Amy Roberts: Installing version 4.2
I’ve spent the last 41 years wishing my birthday was in June, or that I was conceived by a virgin. Because when your birthday is in December and your name isn’t Jesus no one gets too excited about it.
But now, with my birthday peeking out from behind next week’s curtain, I have decided to embrace my birth month. After all, the end of a year is an ideal time for self-reflection and measurement of personal growth. As such, here are the top lessons, observations and universal truths I’ve come to accept in my (almost) 42 years.
• You will be too much for some people. Those aren’t your people.
• Your progress should never come at someone else’s expense.
• Be careful about following the masses. Sometimes, the ‘m’ is silent.
• Remember, you haven’t come this far to only come this far.
• Timing is everything; whether it’s love, success, or avocados.
• Some things you never get over, you just get through.
• Don’t blindly believe someone who tells you they’re a good person. Wait for them prove it. A lot of people who insist they are a good person are barely capable of being an okay person.
• Life isn’t easy for anyone.
• Don’t let someone’s limited imagination limit you.
• Pain is inevitable. Suffering is optional.
• Be fearless in the pursuit of anything that sets your soul on fire.
• In the height of your despair, remember life could always be worse — sex could be fattening.
• You are stronger than you think. Always.
• If you want to be happier, make a list of all the things that make you happy. Then make a list of the things you do every day and compare these lists. Adjust accordingly.
• Deciding whether to keep trying or walk away is one of the toughest choices you’ll ever have to make.
• If you aren’t at least a little nervous about some of your choices, you aren’t taking big enough risks.
• You are under no obligation to be the same person you were five years ago, five months ago or five minutes ago. You have the right to grow.
• If you line up all of your exes in a row, you can see the flow chart of your mental illness.
• Sometimes you learn more from one mistake than you ever will from all the things you’ve done right.
• There will always be someone else who gives you butterflies.
• Don’t be afraid to have difficult conversations.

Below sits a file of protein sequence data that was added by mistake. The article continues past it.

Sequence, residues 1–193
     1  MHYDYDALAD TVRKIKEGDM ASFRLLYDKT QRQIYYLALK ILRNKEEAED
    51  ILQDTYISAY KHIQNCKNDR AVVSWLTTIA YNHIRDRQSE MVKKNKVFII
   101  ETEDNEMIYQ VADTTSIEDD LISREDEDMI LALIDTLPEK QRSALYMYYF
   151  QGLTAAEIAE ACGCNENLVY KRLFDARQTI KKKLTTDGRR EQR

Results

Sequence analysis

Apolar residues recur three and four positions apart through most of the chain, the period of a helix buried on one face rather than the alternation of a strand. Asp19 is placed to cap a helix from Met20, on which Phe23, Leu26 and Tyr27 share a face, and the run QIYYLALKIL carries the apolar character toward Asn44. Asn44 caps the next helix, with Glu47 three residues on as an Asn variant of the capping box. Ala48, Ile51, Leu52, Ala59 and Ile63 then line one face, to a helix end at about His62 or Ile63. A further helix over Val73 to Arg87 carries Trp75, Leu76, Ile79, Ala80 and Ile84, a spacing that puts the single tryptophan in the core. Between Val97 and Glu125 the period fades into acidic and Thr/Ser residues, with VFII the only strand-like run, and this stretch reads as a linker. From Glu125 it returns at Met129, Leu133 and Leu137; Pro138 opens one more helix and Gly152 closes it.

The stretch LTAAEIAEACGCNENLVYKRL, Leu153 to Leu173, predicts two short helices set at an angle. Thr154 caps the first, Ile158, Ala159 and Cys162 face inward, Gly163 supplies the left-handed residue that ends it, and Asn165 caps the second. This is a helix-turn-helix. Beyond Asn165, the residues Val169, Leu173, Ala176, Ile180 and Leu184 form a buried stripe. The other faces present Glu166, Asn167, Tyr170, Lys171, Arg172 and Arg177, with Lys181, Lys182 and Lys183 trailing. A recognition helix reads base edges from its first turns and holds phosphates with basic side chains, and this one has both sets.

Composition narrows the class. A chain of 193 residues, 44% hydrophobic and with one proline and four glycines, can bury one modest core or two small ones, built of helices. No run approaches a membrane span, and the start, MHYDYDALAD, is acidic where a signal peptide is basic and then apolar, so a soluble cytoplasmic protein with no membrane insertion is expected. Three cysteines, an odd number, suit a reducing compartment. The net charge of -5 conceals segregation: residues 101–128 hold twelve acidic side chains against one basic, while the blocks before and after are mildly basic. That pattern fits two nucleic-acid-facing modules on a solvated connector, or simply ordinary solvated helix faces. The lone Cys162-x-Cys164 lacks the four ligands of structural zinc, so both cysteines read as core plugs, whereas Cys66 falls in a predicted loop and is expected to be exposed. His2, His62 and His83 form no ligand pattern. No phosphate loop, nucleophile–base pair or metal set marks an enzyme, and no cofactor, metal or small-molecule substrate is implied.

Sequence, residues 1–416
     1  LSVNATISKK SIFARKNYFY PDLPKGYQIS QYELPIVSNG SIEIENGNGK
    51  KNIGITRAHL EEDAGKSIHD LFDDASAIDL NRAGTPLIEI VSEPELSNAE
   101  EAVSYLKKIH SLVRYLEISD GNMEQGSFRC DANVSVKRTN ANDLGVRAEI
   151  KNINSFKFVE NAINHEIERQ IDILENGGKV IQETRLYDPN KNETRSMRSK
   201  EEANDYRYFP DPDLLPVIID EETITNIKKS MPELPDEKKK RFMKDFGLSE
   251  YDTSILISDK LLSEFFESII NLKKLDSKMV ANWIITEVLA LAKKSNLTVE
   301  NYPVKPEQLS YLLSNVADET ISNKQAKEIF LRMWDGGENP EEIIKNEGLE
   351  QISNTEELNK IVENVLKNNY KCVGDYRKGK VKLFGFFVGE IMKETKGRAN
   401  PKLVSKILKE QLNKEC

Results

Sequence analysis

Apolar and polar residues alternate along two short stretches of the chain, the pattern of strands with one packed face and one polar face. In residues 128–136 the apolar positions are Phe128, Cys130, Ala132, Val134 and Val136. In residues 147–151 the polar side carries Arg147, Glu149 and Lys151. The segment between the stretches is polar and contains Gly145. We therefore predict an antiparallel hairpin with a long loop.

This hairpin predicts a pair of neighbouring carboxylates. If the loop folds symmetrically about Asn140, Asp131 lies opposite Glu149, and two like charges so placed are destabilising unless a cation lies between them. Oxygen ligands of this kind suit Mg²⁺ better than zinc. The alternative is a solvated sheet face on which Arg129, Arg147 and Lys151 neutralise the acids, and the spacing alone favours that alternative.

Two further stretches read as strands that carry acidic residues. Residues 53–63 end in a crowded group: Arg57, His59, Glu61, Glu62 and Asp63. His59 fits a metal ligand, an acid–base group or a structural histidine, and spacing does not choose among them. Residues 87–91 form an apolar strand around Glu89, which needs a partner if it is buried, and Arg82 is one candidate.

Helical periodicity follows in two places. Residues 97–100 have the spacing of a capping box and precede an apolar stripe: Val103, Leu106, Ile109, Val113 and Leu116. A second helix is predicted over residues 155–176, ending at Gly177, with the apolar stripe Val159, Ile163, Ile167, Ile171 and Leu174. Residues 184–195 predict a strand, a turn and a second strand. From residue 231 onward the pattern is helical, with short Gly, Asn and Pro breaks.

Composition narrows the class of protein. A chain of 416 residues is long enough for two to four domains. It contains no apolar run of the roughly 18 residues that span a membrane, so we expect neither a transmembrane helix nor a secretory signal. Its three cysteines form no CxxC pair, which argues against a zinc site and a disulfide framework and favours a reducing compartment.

• How people treat you is their karma. How you react to it is yours.
• Grief is the price we pay for love.
• Not everyone will like you, but not everyone matters.
• It’s perfectly acceptable to let your driver’s license expire and wait to renew it until your bangs are grown out. You’re going to have that photo for four years.
• If you think there’s something more, there probably is.
• Don’t confuse your job with your life.
• No matter what you do or say, there’s always going to be at least one person who finds a way to be offended.
• Know your worth and don’t offer anyone a discount.
• No one is truly confident with how they say, “Worcestershire sauce.”
• Not every situation requires your reaction.
• Only date people who don’t panic at the thought of you being left alone with their phone.
• You are not responsible for anyone else’s happiness.
• Own your strengths, talents and your mistakes.
• Every test in life makes us either bitter or better. You get to choose which one.
• Not everyone you lose is a loss.
• Anyone trying to bring you down is already beneath you.
• When disappointed about your job or professional accomplishments, remember that at least one person you went to high school with is still trying to become a rapper.
• Be curious, be brave, be bold. But above all, be you.
Amy Roberts is a freelance writer, longtime Park City resident and the proud owner of two rescued Dalmatians, Stanley and Willis. The opinions expressed in this column are solely those of the writer. Follow her on Twitter @amycroberts.
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Columnist Tom Clyde writes that the “area around Jordanelle Reservoir is a jurisdictional chowder gone bad.”